Tensions within Saudi Arabia and on its borders keep worsening. In the meantime, the young Crown Prince, who holds power over most vital domestic and external policies, continues multiplying mistakes. As was expected, 2017 witnessed the two mutually reinforcing tendencies. First, Prince Mohammed bin Salman, son of the current Saudi King, held on to his course of strengthening his positions in power. Second, tensions kept increasing within the royal family in the face of the upcoming change of the order of succession to the throne.
The Russian-Belarusian Zapad (West) military exercises, which were held in the latter half of September, have disappointed many people. Comments made in the Western media before the exercises filled the readers with so much concern and apprehension that they thought it would be a second Baltic Offensive. It’s a pity that we have disappointed them.
By all appearances, anti-Russian sanctions have become a constant of international life. However, a new reality is emerging in Russia’s economic relations with the West. Economic interaction is growing, despite anti-Russian sanctions, and increasingly penetrates strategic fields. This is happening because sanctions affect the interests of many key Western figures who are beginning to feel them as a burden.
Today, our analysts closely monitor three areas of tension: Afghanistan, the Armenian-Azerbaijani border and North Korea. After the withdrawal of NATO troops in 2014, Afghanistan is expected to destabilize further, thus impacting the situation in Central Asia and Pakistan. Meanwhile, skirmishes occur each month on the Armenian-Azerbaijani border, with Azerbaijan's military budget equaling Armenia’s entire budget. At the same time, North Korea's leadership has proved highly unpredictable and it is unclear how it might choose to respond to U.S.-South Korean military activity on its border.
How do we know this?
Our agency uses a method of system analysis that allows us to assess the international situation in its complexity. Our analysts evaluate the impact of the global political climate and explore the interests and resources of various actors, as well as their goals and tactics. We utilize original sources in 15 languages and empirical observations gathered in our fieldwork. Each day, we follow the latest international events and forecast the further development of the global situation for the next year.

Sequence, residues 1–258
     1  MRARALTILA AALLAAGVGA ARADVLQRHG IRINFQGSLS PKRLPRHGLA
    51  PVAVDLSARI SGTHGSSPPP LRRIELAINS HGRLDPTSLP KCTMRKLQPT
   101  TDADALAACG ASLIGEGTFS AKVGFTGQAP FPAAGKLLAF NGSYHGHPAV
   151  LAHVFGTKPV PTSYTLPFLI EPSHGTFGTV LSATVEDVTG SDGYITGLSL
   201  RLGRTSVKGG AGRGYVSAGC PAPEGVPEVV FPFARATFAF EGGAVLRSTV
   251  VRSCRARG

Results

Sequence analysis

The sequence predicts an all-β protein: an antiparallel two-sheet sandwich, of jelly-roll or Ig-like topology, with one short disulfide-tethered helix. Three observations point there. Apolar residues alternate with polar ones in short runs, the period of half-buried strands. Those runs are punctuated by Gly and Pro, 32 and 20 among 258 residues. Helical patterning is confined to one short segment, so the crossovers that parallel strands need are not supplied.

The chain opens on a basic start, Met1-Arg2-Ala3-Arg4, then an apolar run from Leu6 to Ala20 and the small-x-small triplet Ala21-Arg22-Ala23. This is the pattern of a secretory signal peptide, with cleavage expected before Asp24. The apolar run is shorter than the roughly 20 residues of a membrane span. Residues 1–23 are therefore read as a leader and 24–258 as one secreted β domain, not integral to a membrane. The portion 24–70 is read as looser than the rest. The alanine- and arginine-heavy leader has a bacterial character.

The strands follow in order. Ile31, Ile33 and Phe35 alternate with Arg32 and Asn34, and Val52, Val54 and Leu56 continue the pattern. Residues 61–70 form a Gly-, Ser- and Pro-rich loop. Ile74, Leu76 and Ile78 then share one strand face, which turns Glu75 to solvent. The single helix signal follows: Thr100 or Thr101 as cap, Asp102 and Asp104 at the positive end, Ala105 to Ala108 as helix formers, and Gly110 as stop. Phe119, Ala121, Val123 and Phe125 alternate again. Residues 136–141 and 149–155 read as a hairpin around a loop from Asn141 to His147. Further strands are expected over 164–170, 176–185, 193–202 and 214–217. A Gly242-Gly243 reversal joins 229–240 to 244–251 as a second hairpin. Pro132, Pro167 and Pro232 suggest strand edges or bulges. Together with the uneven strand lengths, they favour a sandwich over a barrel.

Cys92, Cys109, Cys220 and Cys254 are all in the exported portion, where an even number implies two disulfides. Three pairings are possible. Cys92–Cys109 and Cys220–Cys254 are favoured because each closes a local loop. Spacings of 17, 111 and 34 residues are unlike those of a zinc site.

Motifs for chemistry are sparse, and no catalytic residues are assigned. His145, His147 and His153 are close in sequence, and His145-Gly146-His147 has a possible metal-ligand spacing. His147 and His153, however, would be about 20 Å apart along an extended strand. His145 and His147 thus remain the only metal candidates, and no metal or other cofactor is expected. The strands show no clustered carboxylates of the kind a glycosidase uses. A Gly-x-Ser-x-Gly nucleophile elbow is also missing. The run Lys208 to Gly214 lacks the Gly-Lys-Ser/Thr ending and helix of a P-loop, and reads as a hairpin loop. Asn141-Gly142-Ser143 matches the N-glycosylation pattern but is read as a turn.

Despite a compromise deal reached with the Ukrainian government in February 2014, the opposition seized power, which launched the disintegration of the fragile Ukrainian state. The Russian-speaking regions in the country’s southeast — in addition to Crimea — rebelled against the opposition coup. Some demanded Ukraine’s federalization, and others their accession to Russia. In an effort to prevent a 'Russian Spring', the new authorities in Kiev relied on militias and the freshly reformed military. The use of force to suppress popular protests in Eastern Ukraine can lead to Russian interference.
What steps will Russia take?
It is in Russia’s interests to ensure stability on its western borders. Consequently, Moscow criticizes the destabilizing actions taken by the new authorities in Kiev. Russia would alternatively prefer a coalition government in Ukraine, as well as the country’s federalization and the introduction of Russian as an official state language. At the same time, Russia has no reason to support the status quo if the situation continues to change in its favor, or if this support requires considerable effort.
Although international pressure has decreased and a dialogue has launched to resolve the crisis, the conflict in Syria will continue. A diplomatic settlement will be hard to achieve as the opposition is in a state of disunity and has no plan of action besides demanding President Bashar Assad’s ouster. Iran and Hezbollah’s assistance to the government — no matter how successful — will not suffice for a victory over the militants in the country’s north and east. The militants’ disunity will make a success even harder to achieve.
What role do external forces play?
External forces will play a significant role in the development of the crisis. The decision to destroy chemical weapons has lowered the chances of an intervention. However, U.S. experts have shown a tendency to whitewash some Al Qaeda groups by contrasting them to 'bad Islamists'. U.S. support for the Islamic front against the government forces and ISIL is further exacerbating the situation.
Despite the withdrawal of foreign armed forces, the Afghan government is likely to retain control over domestic affairs. Kabul has armed forces and security units under its command boasting over 344,000 servicemen. The figure is larger than the Taliban’s estimated 20,000-25,000 armed militants. We expect the situation in Afghanistan to follow the Iraqi pattern. Therefore, the regime will remain in power and terrorist activities will escalate. Meanwhile, drug trafficking will remain a major threat.
The presidential elections in April 2014 were an additional destabilizing factor. Some segments of the population questioned their legitimacy, which could potentially create the threat of increased separatist sentiment among local elites and weaken the fight against drug trafficking. However, it is most unlikely that the Taliban will return to power. The Afghan army’s fighting capabilities will be ensured thanks to continuing foreign assistance from international donors, guaranteed until 2016.